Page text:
I am not a Bihari. Yet, Nitish Kumar’s victory in the just concluded Bihar elections, makes me want to rejoice. Somehow, I am not sure that I would want to do the same if (which is just to be politically correct) and when Mamta comes to power in Bengal.
True it will be a befitting end to the tyrannous rule of the Left so much that all that is left in Bengal is little of educated skilled labor, some fertile land, lots of uneducated farmers who have been seasoned to being the subject of the state’s undemanding and benevolent welfare system which emphasizes on rights and skips duties. All I would fear that lest it not be out of the frying pan and into the fire. Just as Red Bastion was turning atinge more blue, Buddha had managed to get the buy-in from the likes of Nirupam Sen on the need to reawaken the spirit of enterprise and virtues of hardwork … and thankfully Jyoti Basu is finally dead (touchwood!) comes the screaming and banner hoisting hooligans of Mamta busy to show their influence, even if that means weeding out the tender saplings of industrial growth planted. For the same reasoning (and the belief on collective wisdom being immune to seasonal irrationalities; something which is questionable) I will rejoice if Mamta gets re-elected on her second term.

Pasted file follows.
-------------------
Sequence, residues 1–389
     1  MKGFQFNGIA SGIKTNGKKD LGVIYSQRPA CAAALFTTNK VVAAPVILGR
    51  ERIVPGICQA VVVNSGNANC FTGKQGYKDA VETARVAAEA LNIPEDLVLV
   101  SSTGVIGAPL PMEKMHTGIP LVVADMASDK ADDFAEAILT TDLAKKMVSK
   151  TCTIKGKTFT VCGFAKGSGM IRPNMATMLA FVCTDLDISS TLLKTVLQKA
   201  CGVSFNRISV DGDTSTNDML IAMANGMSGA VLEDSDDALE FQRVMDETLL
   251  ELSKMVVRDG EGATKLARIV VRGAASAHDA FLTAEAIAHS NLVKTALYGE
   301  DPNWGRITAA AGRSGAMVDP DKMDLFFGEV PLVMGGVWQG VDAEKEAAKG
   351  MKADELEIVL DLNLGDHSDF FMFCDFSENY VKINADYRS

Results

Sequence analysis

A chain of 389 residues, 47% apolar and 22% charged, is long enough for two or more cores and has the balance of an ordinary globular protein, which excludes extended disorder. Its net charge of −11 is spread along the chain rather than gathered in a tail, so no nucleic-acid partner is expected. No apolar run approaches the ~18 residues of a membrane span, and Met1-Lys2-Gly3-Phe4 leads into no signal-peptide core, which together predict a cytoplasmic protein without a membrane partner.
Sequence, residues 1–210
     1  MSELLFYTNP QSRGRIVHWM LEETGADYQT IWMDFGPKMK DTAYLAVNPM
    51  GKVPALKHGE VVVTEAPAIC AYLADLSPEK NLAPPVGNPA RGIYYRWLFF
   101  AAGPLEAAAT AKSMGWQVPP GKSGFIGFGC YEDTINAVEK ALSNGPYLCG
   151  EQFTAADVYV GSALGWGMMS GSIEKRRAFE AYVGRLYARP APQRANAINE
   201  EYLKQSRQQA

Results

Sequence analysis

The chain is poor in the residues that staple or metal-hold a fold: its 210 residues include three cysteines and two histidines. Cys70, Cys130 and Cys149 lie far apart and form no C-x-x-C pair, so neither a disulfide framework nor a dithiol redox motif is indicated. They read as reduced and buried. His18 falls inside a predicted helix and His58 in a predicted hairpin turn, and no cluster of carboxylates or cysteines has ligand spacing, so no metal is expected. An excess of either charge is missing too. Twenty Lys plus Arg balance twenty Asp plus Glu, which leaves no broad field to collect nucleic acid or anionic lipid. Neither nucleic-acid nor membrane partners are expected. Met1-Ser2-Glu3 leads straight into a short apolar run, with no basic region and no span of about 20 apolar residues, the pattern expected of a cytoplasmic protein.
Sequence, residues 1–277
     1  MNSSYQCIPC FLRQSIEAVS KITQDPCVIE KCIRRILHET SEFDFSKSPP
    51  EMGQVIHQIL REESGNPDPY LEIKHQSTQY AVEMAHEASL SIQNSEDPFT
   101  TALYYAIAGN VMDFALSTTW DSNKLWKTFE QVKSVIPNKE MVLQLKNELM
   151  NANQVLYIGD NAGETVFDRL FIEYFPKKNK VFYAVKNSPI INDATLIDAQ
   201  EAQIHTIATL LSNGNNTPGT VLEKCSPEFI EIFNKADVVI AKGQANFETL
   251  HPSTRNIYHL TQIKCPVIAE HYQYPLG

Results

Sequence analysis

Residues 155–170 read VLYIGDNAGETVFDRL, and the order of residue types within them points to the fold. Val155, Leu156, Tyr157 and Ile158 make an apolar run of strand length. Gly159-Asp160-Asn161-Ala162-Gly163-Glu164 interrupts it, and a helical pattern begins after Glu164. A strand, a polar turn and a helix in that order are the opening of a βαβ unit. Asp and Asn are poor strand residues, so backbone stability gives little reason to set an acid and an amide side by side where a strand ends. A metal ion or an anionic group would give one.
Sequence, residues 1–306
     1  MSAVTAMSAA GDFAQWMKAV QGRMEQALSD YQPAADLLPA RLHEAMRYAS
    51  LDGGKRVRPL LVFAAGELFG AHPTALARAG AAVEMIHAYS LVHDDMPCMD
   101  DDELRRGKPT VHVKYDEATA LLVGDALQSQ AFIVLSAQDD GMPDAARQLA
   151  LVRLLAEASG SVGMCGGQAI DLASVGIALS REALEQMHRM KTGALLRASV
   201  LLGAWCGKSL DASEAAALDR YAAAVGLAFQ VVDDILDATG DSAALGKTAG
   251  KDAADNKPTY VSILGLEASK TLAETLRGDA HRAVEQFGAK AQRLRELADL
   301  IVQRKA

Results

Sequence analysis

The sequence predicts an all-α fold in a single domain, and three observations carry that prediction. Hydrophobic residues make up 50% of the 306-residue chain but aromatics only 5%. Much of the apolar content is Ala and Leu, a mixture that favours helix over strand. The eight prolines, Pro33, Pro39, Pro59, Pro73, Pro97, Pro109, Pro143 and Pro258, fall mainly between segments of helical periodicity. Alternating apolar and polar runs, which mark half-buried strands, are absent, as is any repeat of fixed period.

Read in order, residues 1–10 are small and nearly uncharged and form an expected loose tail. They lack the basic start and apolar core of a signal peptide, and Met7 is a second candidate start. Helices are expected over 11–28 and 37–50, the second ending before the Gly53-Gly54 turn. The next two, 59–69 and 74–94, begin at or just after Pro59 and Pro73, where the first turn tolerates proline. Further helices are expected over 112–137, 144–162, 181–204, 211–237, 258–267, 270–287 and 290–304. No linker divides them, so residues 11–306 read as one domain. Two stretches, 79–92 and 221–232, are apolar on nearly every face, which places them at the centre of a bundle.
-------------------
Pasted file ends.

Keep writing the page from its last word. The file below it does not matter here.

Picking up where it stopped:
Coming back to Bihar, I am tempted to call this state flooded with emotions. And not without ample reason.
- Indians gave a thumbs down to the BJP government after the India Shining campaign, even as Vajpayee had managed to pull off a remarkable Golden Quadrilateral, Dedicated Freight Corridors and given Indians a new hope. All for waht, beacuse some Indians were too jealous to accept that they (as per their assessment) had been left out of the growth story.
- Bill Clinton on his first India vist had pushed a very crucial thought. You cannot make progress and be happy if your neighbor is in distress. Its just not socially stable state and would invariably give rise to sparks and disturbances. Bihar has for long been in abysmal state of affairs. Its socio-economic indicators like health, education and Factors of productivity like GDP/GNP has been at the Nadir. All of this as the talented Biharis had to move out to find appropriate jobs and bear not only the taunts of the North Indian but the cuts and bruises from the Marathi Manoos.
- It shows the emergence of the quiet but unmistakably confident electorate in the Indian Democracy. One who is able to see through the showmanship of gaudy politicians; their hysterics of ‘Secularism’, the cry for cast driven agendas (Yadav, Dalit, Bhoomihar, Jat, Gujjar … ) and the fascination with the pedigree.
Youv’e got to hand it to them: The Indian Electorate. Afterall, Rahul Gandhi got his ‘footfalls’ but not their votes!